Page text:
Tegucigalpa, Honduras     

    Fax:                011 504 2221 5660

    Email:     or  



    Salutation:     Dear Prosecutor / Sr. Fiscal


    Please send a copy to:

    Her Excellency Sofía Lastenia Cerrato Rodríguez

    Ambassador for Honduras

    151 Slater Street, Suite 805A

    Ottawa, Ontario K1P 5H3

    Fax:                  1 (613) 232-0193



    The Honourable Chrystia Freeland

    Minister of Foreign Affairs

    111 Wellington Street

    Ottawa, Ontario K1A 0A6

    Postage:         None required

    Fax:                1 (613) 996-9607



    And also to Amnesty International, Central America team

    Amnesty International

    Luz Saviñón 519, Col. Del Valle

    Del. Benito Juárez, C. P. 03100

    Ciudad de México, México


    Additional Information

    On 26 November 2017 presidential elections were held in Honduras. In the early morning of 27 November, the Supreme Electoral Tribunal (Tribunal Supremo Electoral, TSE) published an initial indication of results, based on the revision of 57 percent of the votes, which indicated that the opposition candidate Salvador Nasralla had a five-point lead against the current president of Honduras, Juan Orlando Hernández. Both candidates declared themselves winners.

    In the afternoon of 29 November, after a long and controversial period without releasing updates, the TSE announced a different result, pointing to the victory of Juan Orlando Hernández. This announcement gave rise to multiple and massive protests for days all over the country, as a reaction to the lack of transparency in the processing and counting of votes. Since then, protests have been violently repressed. On 1 December, the authorities declared a state of emergency for a period of 10 days. The Decree establishes a curfew restricting the right to free movement at night and could involve the participation of the armed forces to support the national police force in maintaining security and order.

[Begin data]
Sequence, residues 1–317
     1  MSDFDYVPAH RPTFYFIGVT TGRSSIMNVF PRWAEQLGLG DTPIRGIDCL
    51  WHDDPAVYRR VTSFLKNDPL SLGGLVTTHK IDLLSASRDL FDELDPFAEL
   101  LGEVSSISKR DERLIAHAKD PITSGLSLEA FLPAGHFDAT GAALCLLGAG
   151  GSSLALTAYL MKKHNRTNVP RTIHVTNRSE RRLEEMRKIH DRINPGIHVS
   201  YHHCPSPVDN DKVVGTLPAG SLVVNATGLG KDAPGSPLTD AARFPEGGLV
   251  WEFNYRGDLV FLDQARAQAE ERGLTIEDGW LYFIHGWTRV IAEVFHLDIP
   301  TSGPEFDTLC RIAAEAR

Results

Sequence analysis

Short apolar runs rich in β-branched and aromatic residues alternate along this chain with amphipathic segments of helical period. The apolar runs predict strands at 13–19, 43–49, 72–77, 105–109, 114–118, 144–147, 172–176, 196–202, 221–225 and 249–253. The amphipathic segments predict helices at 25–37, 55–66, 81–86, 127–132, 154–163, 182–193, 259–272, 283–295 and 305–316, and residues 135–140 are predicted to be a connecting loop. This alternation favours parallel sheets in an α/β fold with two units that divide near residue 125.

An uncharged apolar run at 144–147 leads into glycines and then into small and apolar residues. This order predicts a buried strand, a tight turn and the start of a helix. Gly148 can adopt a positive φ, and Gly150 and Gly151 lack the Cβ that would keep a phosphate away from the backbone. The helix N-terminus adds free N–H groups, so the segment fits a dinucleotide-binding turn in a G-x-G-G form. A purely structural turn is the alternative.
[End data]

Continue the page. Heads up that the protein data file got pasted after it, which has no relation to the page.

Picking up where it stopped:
Honduran human rights organizations and radio stations have been monitoring and denouncing the excessive use of force and human rights violations perpetrated in the aftermath of the presidential election.

    On December 17, Juan Orlando Hernández was declared the winner by the TSE. The same day, the Secretary General of the Organization of American States, one of the international organizations that sent election observer missions to monitor the Honduran electoral contest, declared the election process was plagued by irregularities, and called for new elections. Protests have continued since these announcements, with at least 100 protests and roads blocked on 19 December.

    Honduras is one of the most violent countries in the world, with high rates of murder and insecurity. There is a high level of mistrust of institutions, fuelled by the fact that impunity prevails in the majority of crimes, and by repeated signs of corruption or the involvement of state forces in criminal activities.

    As a result of the coup of 28 June 2009, during which various states of exception and curfews were approved, serious human rights violations on the part of Honduran security forces were reported.

    READ MORE > Press release: 8 December, 2017.

    Take your activism further!

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    If you wish to receive updates on this case, email In the subject line, write “Keep me updated on UA 264/17 "Honduras".